A Design Blog: How We Choose Colourways

Welcome to today’s blog! We will be going through how we choose colourways for our designs from inspiration, choosing ink colours to strike offs; the complete process.So when choosing new colours we always take into consideration the design, how many colours the design has and what the end product will be; wallpaper, t-shirt, dress, cushion etc.With all this in mind we go onto our very favourite; Pinterest! We always start our inspiration here. We search colour palettes, colour schemes, 80s,

‘Rum Corps’ – A New Design | Publisher Textiles

In today’s blog we thought we’d share with you the background and design process of our new design by Mark ‘Rum Corps’. Inspired by sugar cane, rum and its rich Australian history.It all started when we purchased a 60s styled drink cabinet and followed up with a purchase of the Tiki cocktail book by Smuggler’s Cove; Exotic Cocktails, Rum, and the Cult of Tiki (http://www.smugglerscovesf.com/book)Our bar then officially turned into a Tiki rum bar. Rum is made in at least sixty countries all from

HOW TO MAKE YOUR OWN SILK SCREEN PART 2: STRETCHING THE MESH

Thank you for all the great feedback on part 1 of this blog series! We really enjoy making these informative blogs and are glad that you’re enjoying them too. If you haven’t read part 1 you can do so here.Materials T2 screen printing mesh screen Cabot’s Cabothane Clear slow glue Monkey grip with angle on it Electric sander Electric stapler Process1. So continuing on from part I you should have a fully dry wooden screen frame. As you can see the excess glue has dried and formed a thick layer. We

HOW TO MAKE YOUR OWN SILK SCREEN PART 1: MAKING THE FRAME

Today we are going to show you how you can make your very own screen frame out of wood. How to stretch the screen will be coming in a later blog but for now, onto what you will need for this project!MaterialsWe will be making a frame that fits an artwork up to 1.4m. For this you will need:- 2 pieces of wood (dimensions are 2.7m x 7cm x 3.5cm)- A drop saw- 4 clamps- Selleys Aquadhere Durabond Polyurethane Glue- Measuring tools i.e. a right angle ruler and tape measure- A trusty pen or pencilThe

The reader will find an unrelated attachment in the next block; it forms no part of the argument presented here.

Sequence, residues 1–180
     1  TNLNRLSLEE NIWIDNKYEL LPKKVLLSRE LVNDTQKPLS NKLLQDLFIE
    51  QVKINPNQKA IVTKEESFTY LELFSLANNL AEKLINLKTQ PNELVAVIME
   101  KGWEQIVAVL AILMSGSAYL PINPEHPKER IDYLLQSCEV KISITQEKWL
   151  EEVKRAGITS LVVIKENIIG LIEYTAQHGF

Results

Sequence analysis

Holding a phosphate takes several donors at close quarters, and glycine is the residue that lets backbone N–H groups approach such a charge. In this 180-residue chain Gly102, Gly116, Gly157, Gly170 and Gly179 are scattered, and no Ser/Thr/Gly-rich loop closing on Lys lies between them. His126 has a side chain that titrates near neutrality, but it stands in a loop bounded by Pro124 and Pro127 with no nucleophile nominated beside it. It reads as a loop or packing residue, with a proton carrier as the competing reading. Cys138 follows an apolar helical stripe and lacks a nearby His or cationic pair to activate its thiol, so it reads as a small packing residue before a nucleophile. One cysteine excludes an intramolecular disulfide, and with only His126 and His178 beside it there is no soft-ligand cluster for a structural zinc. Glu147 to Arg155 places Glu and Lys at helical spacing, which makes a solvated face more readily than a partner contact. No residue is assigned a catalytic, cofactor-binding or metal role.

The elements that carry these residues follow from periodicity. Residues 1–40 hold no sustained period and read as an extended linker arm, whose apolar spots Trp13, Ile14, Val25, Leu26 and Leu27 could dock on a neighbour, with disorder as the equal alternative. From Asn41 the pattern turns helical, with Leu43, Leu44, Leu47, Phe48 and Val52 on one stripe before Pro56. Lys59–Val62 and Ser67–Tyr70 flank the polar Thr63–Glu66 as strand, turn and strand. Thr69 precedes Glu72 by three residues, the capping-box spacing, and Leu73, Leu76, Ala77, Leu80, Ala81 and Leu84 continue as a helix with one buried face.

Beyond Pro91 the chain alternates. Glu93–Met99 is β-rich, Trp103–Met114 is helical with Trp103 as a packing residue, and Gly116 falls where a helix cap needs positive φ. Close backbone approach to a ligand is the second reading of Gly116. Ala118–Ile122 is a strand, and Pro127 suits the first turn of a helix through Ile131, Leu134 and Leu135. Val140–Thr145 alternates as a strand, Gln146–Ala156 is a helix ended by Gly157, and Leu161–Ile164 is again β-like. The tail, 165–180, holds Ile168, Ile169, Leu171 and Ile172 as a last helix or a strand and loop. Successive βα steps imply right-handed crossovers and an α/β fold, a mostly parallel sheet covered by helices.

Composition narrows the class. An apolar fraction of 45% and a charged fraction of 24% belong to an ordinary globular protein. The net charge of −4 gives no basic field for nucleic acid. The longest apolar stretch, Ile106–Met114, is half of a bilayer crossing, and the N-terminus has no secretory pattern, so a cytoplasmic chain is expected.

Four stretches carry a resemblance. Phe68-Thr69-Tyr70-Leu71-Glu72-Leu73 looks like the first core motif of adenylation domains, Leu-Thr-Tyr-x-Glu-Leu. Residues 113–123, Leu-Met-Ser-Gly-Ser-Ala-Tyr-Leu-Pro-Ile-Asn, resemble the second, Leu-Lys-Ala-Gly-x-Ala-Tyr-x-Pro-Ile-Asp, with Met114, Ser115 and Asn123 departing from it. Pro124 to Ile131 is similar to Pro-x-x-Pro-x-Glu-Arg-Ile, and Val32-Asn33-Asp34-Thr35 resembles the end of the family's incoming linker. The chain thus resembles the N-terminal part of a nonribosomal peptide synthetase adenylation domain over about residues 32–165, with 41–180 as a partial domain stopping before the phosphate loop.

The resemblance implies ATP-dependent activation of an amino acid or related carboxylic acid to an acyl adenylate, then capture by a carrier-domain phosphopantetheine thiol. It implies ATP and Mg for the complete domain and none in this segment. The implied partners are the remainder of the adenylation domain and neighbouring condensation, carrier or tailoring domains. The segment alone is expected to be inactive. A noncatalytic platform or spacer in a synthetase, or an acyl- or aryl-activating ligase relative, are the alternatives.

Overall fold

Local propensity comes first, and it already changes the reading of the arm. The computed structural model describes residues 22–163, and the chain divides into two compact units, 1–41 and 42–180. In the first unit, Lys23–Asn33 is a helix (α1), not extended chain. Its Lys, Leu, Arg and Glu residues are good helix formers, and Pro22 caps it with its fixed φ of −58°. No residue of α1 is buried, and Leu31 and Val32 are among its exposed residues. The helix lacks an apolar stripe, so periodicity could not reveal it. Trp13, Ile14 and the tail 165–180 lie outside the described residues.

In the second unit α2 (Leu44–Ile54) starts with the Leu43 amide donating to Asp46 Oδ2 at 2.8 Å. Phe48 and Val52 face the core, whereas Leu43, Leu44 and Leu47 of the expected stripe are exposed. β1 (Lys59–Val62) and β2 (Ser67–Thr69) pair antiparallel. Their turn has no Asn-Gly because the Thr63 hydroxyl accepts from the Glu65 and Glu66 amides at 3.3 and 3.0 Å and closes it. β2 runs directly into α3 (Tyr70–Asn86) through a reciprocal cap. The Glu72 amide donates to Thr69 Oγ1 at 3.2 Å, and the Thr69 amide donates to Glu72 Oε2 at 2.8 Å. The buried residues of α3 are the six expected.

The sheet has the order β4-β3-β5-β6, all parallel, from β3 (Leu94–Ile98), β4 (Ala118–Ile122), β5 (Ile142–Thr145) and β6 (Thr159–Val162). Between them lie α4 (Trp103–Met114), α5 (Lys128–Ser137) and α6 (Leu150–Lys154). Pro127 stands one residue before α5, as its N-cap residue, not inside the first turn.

Tales from a Print Room – Screws in Screens

Below Javed is drilling into the aluminium screen frame, we do it 10cm from each edge all the way through.As you can see below, all drill holes will line up. Making for a better print on a one rail system, as the feet will hit in the same spot for each screen. As seen below, we use 1/4 inch roofing screws as their thread goes from top to bottom, because we need two bolts to lock it onto the frame.Below bolt has already been wound onto screwNext bolt to lock the screw onto frameWe draw a straight

TALES FROM A PRINT ROOM – GLUING TABLES

Today we are letting you in on how we glue our tables. This method we found works best for our own water-based inks and we have perfected this method for ourselves through lots of trial and error. A quick disclaimer; what works for us may not work for you or the inks you screen print with so be sure to test thoroughly first.Note: if you use particularly thin fabrics like silk; if the ink seeps through it can potentially pull the stick off of the table and onto the fabric. This has happened to us

Bruce Goold x Publisher

Bruce Goold is a highly respected and renowned Australian artist. His work covers a range of influences and interests and has asserted its own unmistakable influences on Australian contemporary art and design. Bruce is particularly famous for his amazing linocuts and as a print designer for Mambo clothing in the early 90s but his work has encompassed a wide range of mediums that are both innovative and imaginative and always has a high degree of technical skill and creativity. Famous for his